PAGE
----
The police turned me around. So, I turned around. I regret that now. I don’t know how I could have helped. I am not a trained emergency medical technician. I regret that, too. There were cops and medics everywhere. Their shiny, reflective yellow vests were like pieces of good and brave in a smoky land of pain. I wanted to tell each of them how heroic they were. There was no time for that. They were busy saving people.

The timing of these runners put them right about the finish line when the explosions happened.

Runners

So, I went back to where I had been taking pictures. Runners were wandering around still, confused, cold. They had a combination of runner’s fatigue and shock. Shivering and stunned, they were desperately trying to contact family members. Some walked in circles because they didn’t know how not to keep moving, but they also didn’t know where to go. They had spent 25 miles moving forward, towards this one destination called the finish line and now they were stuck, aimless. Their ultimate goal was suddenly gone, devastated by two bombs. Those of us who were there to watch, gave them our cell phones so they could call family members who were waiting for them. They were waiting for them right by the bombs. We gave the runners money so they could get on the T when it worked again. We gave them our coats.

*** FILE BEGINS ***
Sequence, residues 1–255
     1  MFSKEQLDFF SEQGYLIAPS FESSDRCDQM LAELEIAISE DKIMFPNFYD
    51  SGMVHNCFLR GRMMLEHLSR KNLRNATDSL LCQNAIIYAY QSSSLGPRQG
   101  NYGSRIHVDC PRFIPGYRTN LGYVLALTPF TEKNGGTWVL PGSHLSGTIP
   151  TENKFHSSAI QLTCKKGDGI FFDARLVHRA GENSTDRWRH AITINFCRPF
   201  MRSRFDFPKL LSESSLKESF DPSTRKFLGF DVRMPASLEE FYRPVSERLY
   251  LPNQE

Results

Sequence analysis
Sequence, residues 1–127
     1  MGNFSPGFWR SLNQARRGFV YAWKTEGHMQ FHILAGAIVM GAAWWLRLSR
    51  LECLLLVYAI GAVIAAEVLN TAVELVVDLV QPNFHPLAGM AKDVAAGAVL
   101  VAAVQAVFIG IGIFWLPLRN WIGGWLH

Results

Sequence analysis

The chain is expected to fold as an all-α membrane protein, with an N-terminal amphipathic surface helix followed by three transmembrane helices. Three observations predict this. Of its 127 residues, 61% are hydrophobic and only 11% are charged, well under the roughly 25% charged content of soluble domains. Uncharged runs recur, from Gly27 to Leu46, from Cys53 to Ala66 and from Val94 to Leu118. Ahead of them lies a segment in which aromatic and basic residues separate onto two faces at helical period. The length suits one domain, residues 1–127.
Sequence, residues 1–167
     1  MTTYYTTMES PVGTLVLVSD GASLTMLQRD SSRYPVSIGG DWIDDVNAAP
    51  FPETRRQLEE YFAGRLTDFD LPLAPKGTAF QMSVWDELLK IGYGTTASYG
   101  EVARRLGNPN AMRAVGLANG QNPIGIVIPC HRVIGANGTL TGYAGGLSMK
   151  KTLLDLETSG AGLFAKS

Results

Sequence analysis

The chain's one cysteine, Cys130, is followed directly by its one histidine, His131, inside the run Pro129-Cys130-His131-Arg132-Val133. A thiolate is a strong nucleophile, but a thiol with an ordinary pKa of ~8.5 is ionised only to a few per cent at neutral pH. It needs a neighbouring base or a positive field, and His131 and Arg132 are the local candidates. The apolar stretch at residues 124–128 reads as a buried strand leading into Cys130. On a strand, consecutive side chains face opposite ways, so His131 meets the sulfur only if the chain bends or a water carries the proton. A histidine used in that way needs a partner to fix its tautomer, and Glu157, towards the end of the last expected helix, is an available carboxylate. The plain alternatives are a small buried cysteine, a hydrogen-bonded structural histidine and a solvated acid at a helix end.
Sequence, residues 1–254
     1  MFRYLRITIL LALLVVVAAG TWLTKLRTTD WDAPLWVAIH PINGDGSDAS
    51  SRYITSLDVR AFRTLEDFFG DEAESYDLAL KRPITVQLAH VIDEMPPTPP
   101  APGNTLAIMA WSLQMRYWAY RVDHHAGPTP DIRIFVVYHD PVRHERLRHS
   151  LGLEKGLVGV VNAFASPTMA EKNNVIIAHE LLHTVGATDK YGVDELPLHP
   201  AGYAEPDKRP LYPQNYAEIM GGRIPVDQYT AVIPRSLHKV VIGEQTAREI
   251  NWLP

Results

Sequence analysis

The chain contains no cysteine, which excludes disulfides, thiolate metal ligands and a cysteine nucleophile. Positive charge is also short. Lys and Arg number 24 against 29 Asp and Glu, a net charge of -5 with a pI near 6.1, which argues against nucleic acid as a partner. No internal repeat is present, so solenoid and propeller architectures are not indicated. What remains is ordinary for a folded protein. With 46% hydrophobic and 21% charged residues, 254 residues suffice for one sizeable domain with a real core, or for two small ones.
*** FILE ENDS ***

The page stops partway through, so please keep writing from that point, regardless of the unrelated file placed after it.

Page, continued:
“How will I give it back to you?” one runner asked as she shrugged on a dark green fleece.

“You don’t need to. You never need to,” a man next to me told her.

“I have to,” she murmured. “I have to.”

I gave away my coat. I passed around my phone. The service was in and out.

One woman said, “Please tell me it wasn’t the subway. My kids are on the subway.”

“It wasn’t the subway,” I tell her. “It was the finish line.”

She cocked her head. “What? No? How?”

How?

That was the question: How? We knew by then that it was probably a bomb, and the hows of making a bomb are easy, but the ‘how could you” is a harder question. How could someone kill runners and spectators? How could humans ever think it’s okay to hurt each other? How could anyone commit violence in big acts with bombs or small acts with fists.

How could we? How could humanity?

“How?” she kept saying. “How?”